Daniel Wolfe talks about his thriller for The Shoes and “Jake in a dark role survey” results

EDITED TO ADD THIS NEVER SEEN BEFORE PICTURE OF JAKE WITH MR. MARCUS MUMFORD

Photo copyright James Marcus Haney.

Now, back to my original post:

My addiction for the The Shoes music video of “Time to Dance” is not a secret (and the song itself is starting to grow on me, despite my initial dislike), so you know why I get thrilled every time I read about it or – even better – when new information about it are disclosed. Bear with me guys, but to watch Jake in that video has been like drinking water after a long day under the scorching desert sun, I was that thirsty to see him acting again and in a dark role to boot!

And I know some of you share my wish to see him again in a dark role, possibly in a new film, if this survey I posted a while ago is any indication (by the way, I don’t think I officially thanked you all readers for taking the time to vote, so THANK YOU!) Check the results

Anyway, these are excerpts from an interesting interview with Daniel Wolfe, the director of such a fantastic thriller:

Given the intensity of the violent scenes, what was the atmosphere like on set? Was it a case of being serious and intense, to help the actors get in that mindset for the shoot or rather did you balance out the onscreen intensity with a bit of behind-the-scenes levity?

The atmosphere on set changed from scene to scene. In the party scenes there was no real distinction between shooting and not shooting, it was just a party so the atmosphere was a party. Then we’d just walk Jake in.

How did Jake Gyllenhaal come to be involved in the project? How did he respond to the role?

Jake and I had been discussing a script with a mutual friend, producer Lynette Howell. I knew he was into music videos, so when we wrote up the treatment, I sent it to them. They both responded well to it. And then we just had to sort out dates.

[…]

Though the violence is definitely the most eye-catching element of the promo, its the protagonists’ quiet moments of personal self improvement and snippets of his daily life that I think give the video gravitas and insight. What does the main character represent for you? Did you have a back story in your mind or did you see him as an impenetrable enigma?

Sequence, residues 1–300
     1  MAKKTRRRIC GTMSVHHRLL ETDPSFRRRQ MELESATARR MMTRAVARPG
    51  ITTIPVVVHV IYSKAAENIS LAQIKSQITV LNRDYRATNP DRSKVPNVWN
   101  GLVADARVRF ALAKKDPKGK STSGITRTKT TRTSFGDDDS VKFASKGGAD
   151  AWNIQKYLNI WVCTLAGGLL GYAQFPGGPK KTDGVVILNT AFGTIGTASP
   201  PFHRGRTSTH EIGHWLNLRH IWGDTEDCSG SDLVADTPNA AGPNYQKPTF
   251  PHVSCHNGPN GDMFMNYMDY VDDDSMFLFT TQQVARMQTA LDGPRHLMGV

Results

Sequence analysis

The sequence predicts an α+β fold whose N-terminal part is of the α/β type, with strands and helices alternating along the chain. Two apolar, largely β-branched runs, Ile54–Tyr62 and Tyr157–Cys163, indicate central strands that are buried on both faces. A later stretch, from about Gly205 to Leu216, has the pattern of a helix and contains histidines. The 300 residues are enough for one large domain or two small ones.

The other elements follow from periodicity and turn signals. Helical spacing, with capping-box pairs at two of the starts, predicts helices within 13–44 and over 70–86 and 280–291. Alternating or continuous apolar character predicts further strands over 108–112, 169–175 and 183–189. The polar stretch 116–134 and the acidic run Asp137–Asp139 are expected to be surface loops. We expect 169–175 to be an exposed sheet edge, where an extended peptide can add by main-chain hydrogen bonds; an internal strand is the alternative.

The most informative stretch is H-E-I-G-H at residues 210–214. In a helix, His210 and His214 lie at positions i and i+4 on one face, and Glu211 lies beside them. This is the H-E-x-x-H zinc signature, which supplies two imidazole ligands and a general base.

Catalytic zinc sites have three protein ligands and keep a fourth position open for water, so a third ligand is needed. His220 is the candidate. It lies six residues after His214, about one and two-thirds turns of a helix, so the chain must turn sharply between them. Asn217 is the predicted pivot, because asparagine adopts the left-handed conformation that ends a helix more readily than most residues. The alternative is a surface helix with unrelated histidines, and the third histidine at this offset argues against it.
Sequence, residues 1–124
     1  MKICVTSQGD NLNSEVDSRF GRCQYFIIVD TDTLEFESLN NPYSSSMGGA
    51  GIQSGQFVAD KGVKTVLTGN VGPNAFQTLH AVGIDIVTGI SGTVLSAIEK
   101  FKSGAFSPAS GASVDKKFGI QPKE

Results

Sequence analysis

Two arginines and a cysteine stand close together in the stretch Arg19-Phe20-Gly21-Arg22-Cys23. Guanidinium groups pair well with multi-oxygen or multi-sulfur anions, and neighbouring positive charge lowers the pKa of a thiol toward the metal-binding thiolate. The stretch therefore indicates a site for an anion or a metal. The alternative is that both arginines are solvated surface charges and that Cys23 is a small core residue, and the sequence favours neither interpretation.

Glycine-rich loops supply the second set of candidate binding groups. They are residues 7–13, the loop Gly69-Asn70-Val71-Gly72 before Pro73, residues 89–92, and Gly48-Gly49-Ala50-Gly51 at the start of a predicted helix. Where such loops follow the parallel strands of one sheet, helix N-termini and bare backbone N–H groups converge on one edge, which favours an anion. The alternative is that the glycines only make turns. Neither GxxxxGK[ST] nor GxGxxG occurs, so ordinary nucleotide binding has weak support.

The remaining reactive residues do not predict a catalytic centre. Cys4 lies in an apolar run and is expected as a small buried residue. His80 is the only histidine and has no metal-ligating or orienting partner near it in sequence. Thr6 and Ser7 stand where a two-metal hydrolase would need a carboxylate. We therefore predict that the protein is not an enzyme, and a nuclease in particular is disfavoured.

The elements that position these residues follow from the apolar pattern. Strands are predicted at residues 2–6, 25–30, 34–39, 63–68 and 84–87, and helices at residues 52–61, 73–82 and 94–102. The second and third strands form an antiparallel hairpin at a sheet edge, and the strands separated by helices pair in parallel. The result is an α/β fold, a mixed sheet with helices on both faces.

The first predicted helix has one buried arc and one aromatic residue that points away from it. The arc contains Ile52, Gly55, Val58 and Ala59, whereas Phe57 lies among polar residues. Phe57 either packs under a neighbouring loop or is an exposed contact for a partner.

My brother and I wrote a back-story for the character. We wrote stream of consciousness stuff of his thoughts, his feelings. But I’m not a fan of things where you can read the character’s thought process. I talked with Jake about this.
I wanted to do something where the audience project their own stuff onto the character. The ennui is clear though, the emptiness.

But there’s more! In this VIDEO interview The Shoes themselves praise Jake’s portrayal of a serial killer, bless them (I had no idea they even existed before this video but that’s not the point). Don’t miss it!

Anyway, the shaving scene


…and Jake’s eyes here…

…never fail to give me the shivers…

OK, let’s wrap this up with just one more vid for those of you who came to like the song as well: a LIVE version 

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12 thoughts on “Daniel Wolfe talks about his thriller for The Shoes and “Jake in a dark role survey” results

  1. I love to watch this video though it scares me half to death! I had no idea… His face expression coming up out of the barber’s chair iv.v.v scary for me too. The normal parts of his life his wide-eyed innocence juxtaposed with his spine chilling rage makes me want to not watch…but I always succumb

    • I remember the first time I watched this incredible video my jaw dropped and I guess it’s still on the floor. Jake is at the same time scary and sexy as hell.

      Lovely to see you here, sass!

  2. I wish I could see that vid when The Shoes praise Jake’s acting! It doesn’t open for me:(
    It’s nice to read your post with all those gifs. The interview with Daniel Wolfe is very interesting. I was counting on some words from Daniel on common work with Jake.
    The photo of Jake and Marcus is fantastic from many reasons.

  3. I adore this video…because of Jake’s performance. It is truly eye-opening with respect to his range as an actor. The music is inconsequential; look at all the violence that took place to Beethoven in “A Clockwork Orange.” The music accents the actor, not the other way around! I’d like to see more of Jake as a character like this…

  4. Sorry, just trying my gravatar (I adore this video…because of Jake’s performance. It is truly eye-opening with respect to his range as an actor. The music is inconsequential; look at all the violence that took place to Beethoven in “A Clockwork Orange.” The music accents the actor, not the other way around! I’d like to see more of Jake as a character like this…). You can delete this if my image didn’t show up.

    • Hey Elizabeth, good to see you! Your avatar works just fine.

      I agree about the music, that it accents the actor. And Jake, I’ll never tire to say his, was stunning.

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